A British Sub goes missing at the end of the war leaving only one crew member surviving. Everyone believes it lost to the bottom of the Baltic Sea, then 40 years later it reappears without ...
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Trapped aboard the family yacht, Samantha lives out her personal Hell, night after night, answering to the cruel and painful demands of the ship's alarm system. Taking a journey into the ... See full summary »
The everyday lives of working-class inhabitants of Albert Square, a traditional Victorian square of terrace houses surrounding a park in the East End of London's Walford borough. The square includes the Queen Vic pub and a street market.
Pam St. Clement
The crew of a nuclear bomber attack the Soviet Union while the President of the United States tries desperately to regain control of his military after his helicopter crashes during a ... See full summary »
Rebecca De Mornay,
James Earl Jones
Retired docker Don and his wife Dora live cautiously within their means. Their daughter Joanne, a single parent, struggles to make ends meet but their property developer son David has a ... See full summary »
A British Sub goes missing at the end of the war leaving only one crew member surviving. Everyone believes it lost to the bottom of the Baltic Sea, then 40 years later it reappears without a crew. The British government send for the one surviving crew member (David Jason) now a marine biologist. With a new crew and Jason then proceed to trace the last know happenings on the sub. But this submarine has a life of its own and the new crew soon start showing characteristics of the old crew. Written by
The patriotic German song that the crew hear on the military radio frequency is the Horst Wessel Song, the anthem of the Nazi Party. See more »
HMS 'Scorpion' is supposed to be a British submarine, presumably (given her name) an S-Class. However, she doesn't resemble any Royal Navy submarine of the Second World War, looking far more like a late-war German Type VIIC U-boat. The only significant concession is that exterior periscopes have been altered to give it a more British look, but they are closer to what was on a T-Class submarine than on the S-Class. See more »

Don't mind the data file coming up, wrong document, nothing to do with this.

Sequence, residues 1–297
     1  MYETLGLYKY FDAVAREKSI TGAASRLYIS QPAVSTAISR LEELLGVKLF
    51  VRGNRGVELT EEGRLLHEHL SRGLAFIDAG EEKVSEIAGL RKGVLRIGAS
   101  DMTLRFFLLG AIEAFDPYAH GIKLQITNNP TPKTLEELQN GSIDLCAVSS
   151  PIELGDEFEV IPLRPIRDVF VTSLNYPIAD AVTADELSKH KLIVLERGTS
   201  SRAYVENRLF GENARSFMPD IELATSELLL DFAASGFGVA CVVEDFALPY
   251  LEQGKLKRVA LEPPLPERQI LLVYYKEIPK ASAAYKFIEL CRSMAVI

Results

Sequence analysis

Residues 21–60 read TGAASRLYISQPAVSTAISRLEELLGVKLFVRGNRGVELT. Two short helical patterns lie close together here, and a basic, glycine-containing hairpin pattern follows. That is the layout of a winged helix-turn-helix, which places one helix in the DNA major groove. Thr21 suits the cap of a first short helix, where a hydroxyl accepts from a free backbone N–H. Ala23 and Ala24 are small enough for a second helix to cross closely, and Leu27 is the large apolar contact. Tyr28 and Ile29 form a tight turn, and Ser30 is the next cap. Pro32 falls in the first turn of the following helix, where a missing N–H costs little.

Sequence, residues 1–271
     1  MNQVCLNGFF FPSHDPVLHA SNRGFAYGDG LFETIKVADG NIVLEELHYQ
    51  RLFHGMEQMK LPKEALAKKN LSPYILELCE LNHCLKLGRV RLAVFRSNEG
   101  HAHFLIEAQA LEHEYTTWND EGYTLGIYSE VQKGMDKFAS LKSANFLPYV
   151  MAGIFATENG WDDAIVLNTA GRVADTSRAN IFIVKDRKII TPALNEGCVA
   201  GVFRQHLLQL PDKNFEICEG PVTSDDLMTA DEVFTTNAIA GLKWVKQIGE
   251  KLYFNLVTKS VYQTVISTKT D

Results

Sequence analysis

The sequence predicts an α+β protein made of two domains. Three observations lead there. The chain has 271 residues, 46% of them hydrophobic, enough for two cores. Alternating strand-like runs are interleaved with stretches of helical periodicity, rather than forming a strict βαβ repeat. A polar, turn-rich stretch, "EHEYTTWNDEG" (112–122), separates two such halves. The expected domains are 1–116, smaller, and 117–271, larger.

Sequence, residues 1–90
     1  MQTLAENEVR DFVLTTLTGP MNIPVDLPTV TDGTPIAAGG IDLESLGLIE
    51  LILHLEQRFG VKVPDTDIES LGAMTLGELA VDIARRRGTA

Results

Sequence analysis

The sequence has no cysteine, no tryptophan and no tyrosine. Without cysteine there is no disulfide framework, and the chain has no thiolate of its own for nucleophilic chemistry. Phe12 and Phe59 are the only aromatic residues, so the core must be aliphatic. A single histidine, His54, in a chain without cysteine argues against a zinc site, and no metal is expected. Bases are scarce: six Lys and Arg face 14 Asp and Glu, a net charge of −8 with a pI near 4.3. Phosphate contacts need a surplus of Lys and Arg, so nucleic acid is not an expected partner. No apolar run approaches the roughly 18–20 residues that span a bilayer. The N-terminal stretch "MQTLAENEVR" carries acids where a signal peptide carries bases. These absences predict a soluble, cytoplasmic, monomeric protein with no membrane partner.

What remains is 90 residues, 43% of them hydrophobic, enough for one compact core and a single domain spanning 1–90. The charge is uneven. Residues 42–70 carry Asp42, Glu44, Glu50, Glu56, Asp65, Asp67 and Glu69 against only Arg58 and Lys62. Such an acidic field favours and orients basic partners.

I just finished watching this ITV production, and all I can say is that I liked what I saw, but will note that there was room for much improvement.
How so? Well, for one, the main vessel around which the movie focuses was a World War 2 British diesel submarine. Big deal, you say, ah, but one of the major story points is that the sub seems to operate like a modern nuclear sub, or one of the modern Nordic or Germanic subs which are quieter than either the US, UK or Soviet subs. Simply put WW2 subs stayed on the surface, and only went underwater when needed, but you'd never know that by watching this movie.
The other thing is that there's a little bit of creep factor in this film, but it's not accentuated enough. We understand what's happening to the crew, but the made for TV production values seem to limit both SFX and other production values to really ram home the message to the audience.
I imagine the biggest mis step taken in this film is that even though the boat as a "life of its own" so to speak, a late 20th century crew, a crew that is not trained in diesel sub operations some how manages to bring this vessel out into open ocean, and operate her like a modern nuclear powered SSN.
You know, if you can get by that, and the cinematography which is a little uninspired, then you can probably enjoy watching this film, but the story of a haunted ship and her affect on the crew takes precedence over operational details and plot points.
It's not a great film, but it is a mild diversion for a couple of hours. Give it a shot.
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